Tired of being his 24/7 gopher, a workaholic lawyer gives her playboy boss two weeks notice only to fall in love with him while finding her replacement.
The featured logline puts more of a spotlight on the story hook, the personal relationship, than the underlying plot structure. The defining characteristics of the principals are correctly aligned; that is, in diametrical opposition so as to create plenty of conflict and wedge issues.
Here’s my take on a longer, more complicated version spotlighting the plot:
An idealistic lawyer works for a playboy developer [condition for the plot action] provided he not demolish a beloved community center [objective goal]. But when he treats her as his 24/7 gopher [inciting incident for the plot action] she quits [cause of plot action] only to fall in love with him [major complication] while finding her replacement.
Minus the words in brackets this version comes in at 38 words, just under what I consider to be the maximum acceptable length for a logline.
Her overarching plot goal is to save the community center. Her mission seems accomplished before the end of Act 1.
So, at the end of Act 1, her objective goal realized, fed up with being used a gopher, she gives two weeks notice. Her new plot goal is to find a suitable replacement before the ticking clock runs down. And then exit and resume the kind of the work where her heart is: public service law. This seems to be the end of the plot because it seems to resolve all the wedge issues, all the conflicts, all the dramatic tension.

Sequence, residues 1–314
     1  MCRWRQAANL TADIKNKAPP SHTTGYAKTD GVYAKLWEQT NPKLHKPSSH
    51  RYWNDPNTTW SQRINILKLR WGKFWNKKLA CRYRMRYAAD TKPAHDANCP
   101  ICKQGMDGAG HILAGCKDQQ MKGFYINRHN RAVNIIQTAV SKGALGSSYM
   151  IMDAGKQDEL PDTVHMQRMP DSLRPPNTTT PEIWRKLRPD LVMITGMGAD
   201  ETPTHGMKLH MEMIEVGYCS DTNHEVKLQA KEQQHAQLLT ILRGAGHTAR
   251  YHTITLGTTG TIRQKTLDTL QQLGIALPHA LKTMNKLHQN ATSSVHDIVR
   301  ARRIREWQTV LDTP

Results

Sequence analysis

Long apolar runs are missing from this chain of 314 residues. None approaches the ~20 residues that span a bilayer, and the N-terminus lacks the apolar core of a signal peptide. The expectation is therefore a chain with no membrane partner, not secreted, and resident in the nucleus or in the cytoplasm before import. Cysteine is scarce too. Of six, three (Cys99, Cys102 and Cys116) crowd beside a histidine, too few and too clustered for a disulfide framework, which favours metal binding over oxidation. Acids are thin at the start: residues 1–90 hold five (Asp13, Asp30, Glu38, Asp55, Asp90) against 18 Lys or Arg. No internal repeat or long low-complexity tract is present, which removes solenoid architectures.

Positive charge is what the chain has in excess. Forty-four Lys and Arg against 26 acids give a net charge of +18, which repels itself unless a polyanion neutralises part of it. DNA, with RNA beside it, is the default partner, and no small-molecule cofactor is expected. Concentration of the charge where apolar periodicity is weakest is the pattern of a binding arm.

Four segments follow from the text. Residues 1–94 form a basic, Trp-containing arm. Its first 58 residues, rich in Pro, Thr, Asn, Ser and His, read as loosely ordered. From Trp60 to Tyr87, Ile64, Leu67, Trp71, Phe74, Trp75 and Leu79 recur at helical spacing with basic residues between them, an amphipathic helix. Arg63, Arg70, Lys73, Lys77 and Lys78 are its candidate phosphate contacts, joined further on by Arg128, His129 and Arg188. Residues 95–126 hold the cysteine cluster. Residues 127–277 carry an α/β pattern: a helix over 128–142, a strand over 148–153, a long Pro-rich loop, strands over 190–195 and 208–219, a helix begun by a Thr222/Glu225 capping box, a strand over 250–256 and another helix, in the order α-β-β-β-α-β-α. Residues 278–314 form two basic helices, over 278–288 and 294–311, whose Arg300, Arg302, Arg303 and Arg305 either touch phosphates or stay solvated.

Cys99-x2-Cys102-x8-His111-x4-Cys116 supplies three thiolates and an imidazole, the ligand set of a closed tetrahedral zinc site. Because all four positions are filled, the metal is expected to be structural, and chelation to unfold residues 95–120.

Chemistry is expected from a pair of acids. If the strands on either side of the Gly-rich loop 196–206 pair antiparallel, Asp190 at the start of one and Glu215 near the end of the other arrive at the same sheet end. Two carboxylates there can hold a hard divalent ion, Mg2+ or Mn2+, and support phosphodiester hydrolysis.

But it’s only the beginning of the plot. The heart, soul, and hook of the film is in the “B” story, the romance, not the “A” story, the construction or destruction of this or that structure. The overarching objective goal in the “A” story recedes (mostly) to the background and serve as a framework in which to play out the more interesting “B” story which now comes to foreground. It is the story thread for working out her character arc: to fall in love with a guy in spite of their clashing temperaments and wedge issues.
The “A” story comes to the foreground again late in Act 2 when the playboy is under pressure to renege on his promise. This precipitates the ultimate crisis in his (much bigger) character arc. Now he must man up if he is to save the community center—and their relationship.